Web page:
A little over a year ago former Secretary of Defense Donald Rumsfeld came to Boston for a speech and was greeted by crowds demanding his arrest. In these pages and others I reported:
"Former Secretary of Defense Donald Rumsfeld has been stripped of legal immunity for acts of torture against US citizens authorized while he was in office. The 7th Circuit made the ruling in the case of two American contractors who were tortured by the US military in Iraq after uncovering a smuggling ring within an Iraqi security company. .. The ruling comes as Rumsfeld begins his book tour with a visit to Boston on Monday, September 26, and as new, uncensored photos of Abu Ghraib spark fresh outrage across Internet."
It turns out that Rumsfeld not only knew about the worst of the worst abuses of the Bush Torture Era, including what was happening at Guantanamo, in Afghanistan, and at Abu Ghraib. He was perhaps even ordered it. Memos with comments in Rumsfeld's own handwriting in the margins said things like "I stand for 8--10 hours a day. Why is standing limited to 4 hours?"
This was in response to individual torture reports detailing prisoners made to stand for long periods of time. Since the human body fails after standing for extended periods, and crumples to the floor involuntarily, other measures might have been necessary to make them stand. Like chaining them to the ceiling.
At the time, the commander of US forces in Afghanistan, General Daniel McNeill, said that "we are not chaining people to the ceilings." Contradicting him in the case of an Afghan named Dilawar, Spc. Willie Brand, told Scott Pelley on 60 Minutes: "he's lying."
Dilawar died in custody, his arms dislocated, and, in the words of the National Catholic Reporter, flapping uselessly "like a bird's broken wings." Oh yes, Dilawar was completely innocent of any wrongdoing, as the Army later affirmed. His crime was to be driving his taxi past Bagram AFB on the afternoon after a rocket attack. He was out to make a little gas money before picking up his three sisters, as his mother had told him t, for the local holiday.
Exhibit in investigation on the death of Dilawar, showing how he was chained to the ceiling of his cell
xhibit in investigation on the death of Dilawar, showing how he was chained to the ceiling of his cell by public
But when Rumsfeld came to Boston, instead of arresting Rumsfeld, police arrested protester named Shaun Joseph. In the edifice that is the rule of law and simple humanity, Rumsfeld smashed the furniture, broke all the glassware, and spray-painted the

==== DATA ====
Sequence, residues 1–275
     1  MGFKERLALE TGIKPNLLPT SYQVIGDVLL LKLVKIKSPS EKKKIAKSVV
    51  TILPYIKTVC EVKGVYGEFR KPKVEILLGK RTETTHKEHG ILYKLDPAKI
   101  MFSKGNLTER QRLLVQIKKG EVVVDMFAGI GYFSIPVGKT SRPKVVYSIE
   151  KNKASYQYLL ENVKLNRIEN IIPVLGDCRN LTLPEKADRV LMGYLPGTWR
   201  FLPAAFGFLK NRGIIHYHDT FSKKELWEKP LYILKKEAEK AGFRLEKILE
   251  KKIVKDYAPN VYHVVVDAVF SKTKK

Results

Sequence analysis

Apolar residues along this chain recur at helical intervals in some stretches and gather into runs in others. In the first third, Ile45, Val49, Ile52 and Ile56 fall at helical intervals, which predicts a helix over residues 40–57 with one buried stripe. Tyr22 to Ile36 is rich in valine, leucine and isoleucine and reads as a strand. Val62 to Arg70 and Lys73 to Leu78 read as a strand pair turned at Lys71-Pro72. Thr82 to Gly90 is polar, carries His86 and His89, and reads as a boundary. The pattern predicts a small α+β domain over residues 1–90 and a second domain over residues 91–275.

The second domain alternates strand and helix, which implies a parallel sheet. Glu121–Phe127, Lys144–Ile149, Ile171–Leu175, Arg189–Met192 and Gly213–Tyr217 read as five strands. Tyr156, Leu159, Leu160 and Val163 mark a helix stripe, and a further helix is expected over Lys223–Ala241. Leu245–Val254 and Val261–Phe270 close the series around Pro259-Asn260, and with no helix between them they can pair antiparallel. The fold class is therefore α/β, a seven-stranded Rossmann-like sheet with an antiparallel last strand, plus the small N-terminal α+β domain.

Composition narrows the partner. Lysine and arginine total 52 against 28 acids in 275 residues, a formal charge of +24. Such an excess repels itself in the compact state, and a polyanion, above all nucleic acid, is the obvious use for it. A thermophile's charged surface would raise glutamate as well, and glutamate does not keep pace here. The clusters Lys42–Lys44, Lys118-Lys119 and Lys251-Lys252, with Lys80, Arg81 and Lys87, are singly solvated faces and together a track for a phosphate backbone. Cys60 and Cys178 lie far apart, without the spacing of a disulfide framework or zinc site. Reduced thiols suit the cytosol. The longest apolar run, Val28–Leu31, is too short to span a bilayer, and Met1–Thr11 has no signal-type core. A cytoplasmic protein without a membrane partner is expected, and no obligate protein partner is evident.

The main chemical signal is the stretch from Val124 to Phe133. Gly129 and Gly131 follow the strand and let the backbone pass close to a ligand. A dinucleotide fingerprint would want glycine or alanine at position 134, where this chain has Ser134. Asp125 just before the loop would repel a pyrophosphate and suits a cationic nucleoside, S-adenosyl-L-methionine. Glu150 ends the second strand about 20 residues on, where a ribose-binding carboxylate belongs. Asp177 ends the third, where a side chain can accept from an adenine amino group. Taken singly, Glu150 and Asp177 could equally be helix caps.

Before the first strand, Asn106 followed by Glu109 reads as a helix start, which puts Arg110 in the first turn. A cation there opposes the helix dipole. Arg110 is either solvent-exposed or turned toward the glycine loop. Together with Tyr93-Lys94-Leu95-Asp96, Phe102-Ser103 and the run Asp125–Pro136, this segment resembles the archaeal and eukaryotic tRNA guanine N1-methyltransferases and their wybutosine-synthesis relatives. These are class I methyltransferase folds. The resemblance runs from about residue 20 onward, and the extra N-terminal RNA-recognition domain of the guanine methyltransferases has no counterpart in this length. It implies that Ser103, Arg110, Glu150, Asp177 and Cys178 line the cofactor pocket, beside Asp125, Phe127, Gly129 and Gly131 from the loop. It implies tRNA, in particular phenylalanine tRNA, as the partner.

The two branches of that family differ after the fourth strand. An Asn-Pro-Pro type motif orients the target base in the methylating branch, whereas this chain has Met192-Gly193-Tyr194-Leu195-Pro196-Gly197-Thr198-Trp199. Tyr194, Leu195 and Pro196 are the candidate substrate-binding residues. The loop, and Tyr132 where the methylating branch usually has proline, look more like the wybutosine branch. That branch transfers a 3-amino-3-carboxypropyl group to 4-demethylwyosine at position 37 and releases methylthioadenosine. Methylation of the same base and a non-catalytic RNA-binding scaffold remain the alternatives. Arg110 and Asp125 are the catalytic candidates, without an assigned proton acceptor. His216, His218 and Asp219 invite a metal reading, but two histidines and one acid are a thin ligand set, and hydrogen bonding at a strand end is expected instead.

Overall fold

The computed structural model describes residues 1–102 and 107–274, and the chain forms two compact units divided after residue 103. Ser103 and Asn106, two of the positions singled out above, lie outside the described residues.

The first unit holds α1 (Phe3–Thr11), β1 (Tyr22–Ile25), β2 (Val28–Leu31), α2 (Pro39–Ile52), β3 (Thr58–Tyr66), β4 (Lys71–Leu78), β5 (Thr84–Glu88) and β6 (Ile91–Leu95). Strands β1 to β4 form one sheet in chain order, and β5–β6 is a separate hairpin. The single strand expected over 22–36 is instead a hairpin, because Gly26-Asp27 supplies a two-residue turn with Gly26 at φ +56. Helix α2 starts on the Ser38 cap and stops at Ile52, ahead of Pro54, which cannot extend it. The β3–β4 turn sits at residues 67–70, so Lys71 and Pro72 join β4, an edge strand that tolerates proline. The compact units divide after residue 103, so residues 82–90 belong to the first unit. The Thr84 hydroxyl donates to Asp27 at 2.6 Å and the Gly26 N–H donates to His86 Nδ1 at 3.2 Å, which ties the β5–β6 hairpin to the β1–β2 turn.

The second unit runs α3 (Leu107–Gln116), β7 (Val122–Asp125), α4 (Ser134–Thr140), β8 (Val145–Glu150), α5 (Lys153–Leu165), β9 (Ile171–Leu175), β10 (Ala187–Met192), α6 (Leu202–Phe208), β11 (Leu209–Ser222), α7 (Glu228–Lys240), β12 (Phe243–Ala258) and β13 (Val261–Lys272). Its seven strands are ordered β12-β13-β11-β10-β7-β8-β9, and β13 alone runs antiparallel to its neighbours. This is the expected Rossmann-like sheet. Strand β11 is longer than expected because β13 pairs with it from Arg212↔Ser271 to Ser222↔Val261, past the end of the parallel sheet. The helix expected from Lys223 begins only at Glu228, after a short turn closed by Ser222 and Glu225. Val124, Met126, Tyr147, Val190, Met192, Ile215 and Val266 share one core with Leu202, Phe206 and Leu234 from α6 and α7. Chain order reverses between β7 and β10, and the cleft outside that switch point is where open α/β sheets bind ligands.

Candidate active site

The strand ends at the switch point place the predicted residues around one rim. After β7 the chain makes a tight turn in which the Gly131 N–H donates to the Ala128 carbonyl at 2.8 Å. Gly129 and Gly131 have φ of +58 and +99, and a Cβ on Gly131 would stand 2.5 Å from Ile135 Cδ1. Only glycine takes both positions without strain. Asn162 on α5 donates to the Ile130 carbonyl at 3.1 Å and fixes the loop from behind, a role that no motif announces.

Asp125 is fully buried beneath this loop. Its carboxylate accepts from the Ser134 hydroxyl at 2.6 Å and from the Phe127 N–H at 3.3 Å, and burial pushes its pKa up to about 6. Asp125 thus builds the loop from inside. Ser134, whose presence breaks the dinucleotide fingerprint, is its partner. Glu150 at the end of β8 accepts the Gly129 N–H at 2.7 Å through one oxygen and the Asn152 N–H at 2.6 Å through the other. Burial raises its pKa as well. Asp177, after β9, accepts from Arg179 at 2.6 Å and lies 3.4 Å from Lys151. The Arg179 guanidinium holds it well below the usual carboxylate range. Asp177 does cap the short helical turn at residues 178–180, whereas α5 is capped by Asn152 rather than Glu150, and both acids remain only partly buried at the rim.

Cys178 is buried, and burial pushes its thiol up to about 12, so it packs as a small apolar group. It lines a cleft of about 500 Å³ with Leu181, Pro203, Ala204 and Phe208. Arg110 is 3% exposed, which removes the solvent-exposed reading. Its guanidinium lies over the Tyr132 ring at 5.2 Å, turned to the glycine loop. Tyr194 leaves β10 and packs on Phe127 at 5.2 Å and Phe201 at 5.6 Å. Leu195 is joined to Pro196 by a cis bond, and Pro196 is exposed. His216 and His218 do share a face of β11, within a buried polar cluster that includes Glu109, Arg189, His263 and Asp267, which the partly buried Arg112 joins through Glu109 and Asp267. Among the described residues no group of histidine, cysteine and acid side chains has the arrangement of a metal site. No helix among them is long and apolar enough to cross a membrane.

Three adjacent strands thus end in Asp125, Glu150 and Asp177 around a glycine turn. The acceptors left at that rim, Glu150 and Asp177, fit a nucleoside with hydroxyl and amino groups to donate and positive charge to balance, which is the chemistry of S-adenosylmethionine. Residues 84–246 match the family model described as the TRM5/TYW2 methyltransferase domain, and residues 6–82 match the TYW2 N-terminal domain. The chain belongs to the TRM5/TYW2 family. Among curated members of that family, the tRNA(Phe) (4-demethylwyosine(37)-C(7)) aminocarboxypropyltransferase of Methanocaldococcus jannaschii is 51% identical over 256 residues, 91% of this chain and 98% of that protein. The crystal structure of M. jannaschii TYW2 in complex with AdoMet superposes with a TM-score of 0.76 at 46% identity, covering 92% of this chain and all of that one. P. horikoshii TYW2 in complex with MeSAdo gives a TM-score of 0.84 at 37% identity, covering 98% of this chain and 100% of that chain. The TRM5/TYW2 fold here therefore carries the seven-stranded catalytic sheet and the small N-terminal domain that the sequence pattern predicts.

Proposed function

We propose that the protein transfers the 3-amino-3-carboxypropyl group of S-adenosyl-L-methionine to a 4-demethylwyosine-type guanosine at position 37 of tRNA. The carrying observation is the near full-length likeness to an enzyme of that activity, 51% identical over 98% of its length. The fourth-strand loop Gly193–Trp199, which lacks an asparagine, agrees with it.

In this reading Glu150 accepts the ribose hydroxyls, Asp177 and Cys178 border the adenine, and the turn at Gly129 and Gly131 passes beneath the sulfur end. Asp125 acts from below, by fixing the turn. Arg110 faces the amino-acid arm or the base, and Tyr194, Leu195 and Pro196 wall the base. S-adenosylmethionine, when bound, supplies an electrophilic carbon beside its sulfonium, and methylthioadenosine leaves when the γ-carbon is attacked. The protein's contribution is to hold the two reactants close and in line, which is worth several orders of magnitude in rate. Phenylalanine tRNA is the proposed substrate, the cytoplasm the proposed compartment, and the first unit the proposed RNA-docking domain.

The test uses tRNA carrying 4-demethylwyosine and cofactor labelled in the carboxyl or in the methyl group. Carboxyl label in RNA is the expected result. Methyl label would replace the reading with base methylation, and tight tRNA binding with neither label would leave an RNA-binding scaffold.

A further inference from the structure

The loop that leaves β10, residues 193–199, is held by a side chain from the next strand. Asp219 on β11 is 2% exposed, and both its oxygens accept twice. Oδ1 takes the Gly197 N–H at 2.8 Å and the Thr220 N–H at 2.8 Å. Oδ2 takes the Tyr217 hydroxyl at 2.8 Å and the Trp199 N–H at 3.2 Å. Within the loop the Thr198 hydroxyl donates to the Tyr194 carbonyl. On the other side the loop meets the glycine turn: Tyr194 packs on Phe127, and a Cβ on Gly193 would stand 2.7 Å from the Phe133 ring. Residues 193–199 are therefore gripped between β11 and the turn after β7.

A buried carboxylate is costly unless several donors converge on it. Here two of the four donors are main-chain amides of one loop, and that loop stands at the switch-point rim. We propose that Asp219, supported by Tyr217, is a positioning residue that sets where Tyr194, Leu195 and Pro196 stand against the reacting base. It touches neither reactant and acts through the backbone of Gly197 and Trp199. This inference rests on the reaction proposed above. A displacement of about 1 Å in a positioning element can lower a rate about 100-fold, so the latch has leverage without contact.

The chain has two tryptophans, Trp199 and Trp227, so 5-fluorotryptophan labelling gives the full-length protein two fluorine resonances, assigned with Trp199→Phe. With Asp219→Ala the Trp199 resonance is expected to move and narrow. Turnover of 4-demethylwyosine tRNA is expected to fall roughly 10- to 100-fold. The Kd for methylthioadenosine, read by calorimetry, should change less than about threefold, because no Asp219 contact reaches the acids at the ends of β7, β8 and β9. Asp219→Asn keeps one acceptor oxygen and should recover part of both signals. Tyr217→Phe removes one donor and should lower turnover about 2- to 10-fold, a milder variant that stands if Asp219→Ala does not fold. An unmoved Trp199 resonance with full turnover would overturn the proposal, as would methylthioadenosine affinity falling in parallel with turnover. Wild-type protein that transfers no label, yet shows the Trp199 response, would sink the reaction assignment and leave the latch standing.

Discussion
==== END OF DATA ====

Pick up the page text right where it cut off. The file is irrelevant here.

walls. Yet it is Joseph who is charged with being "disorderly."
Joseph has a court appearance this Thursday and Friday in Boston, March 7 and 8. Supporters will join him and seek support from across the nation.
Unlike with Rumsfeld, there is no evidence that Joseph engaged in the disorderly conduct with which he is charged. In fact there is evidence quite to the contrary. Hence the invitation by his supporters to find the (invisible) "karate chop" at an arresting officer while "resisting arrest" in the video above.
Like a good American, when Shaun Joseph heard Rumsfeld would be in Boston, he joined the crowds demanding his arrest. But he wound up getting arrested himself.
In Joseph Heller's classic anti-war novel "Catch 22" a World War II airman waits in agony as sirens approach his apartment in Rome. He has just killed a prostitute. He is sure he is finished. But when the MPs burst into the apartment, they arrest not him, but another man, for being AWOL. It is just such a gruesome, Kafkaesque inversion of the moral universe we are witnessing with the persecution of Shaun Joseph, while Donald Rumsfeld walks the streets.
Binyam Mohamed was seized by the Pakistani Forces in April 2002 and turned over to the Americans for a $5,000 bounty. In a "black prison" in Morocco he was also hung from the ceiling as he watched an interrogator approach him with a scalpel, and proceed to make cuts in his genitals. He wrote in his diary:
Later, when a US airplane picked me up the following January, a female MP took pictures. She was one of the few Americans who ever showed me any sympathy. When she saw the injuries I had she gasped. They treated me and took more photos when I was in Kabul. Someone told me this was "to show Washington it's healing".
US Judge Gladys Kessler later found Binyam's testimony "exceedingly credible."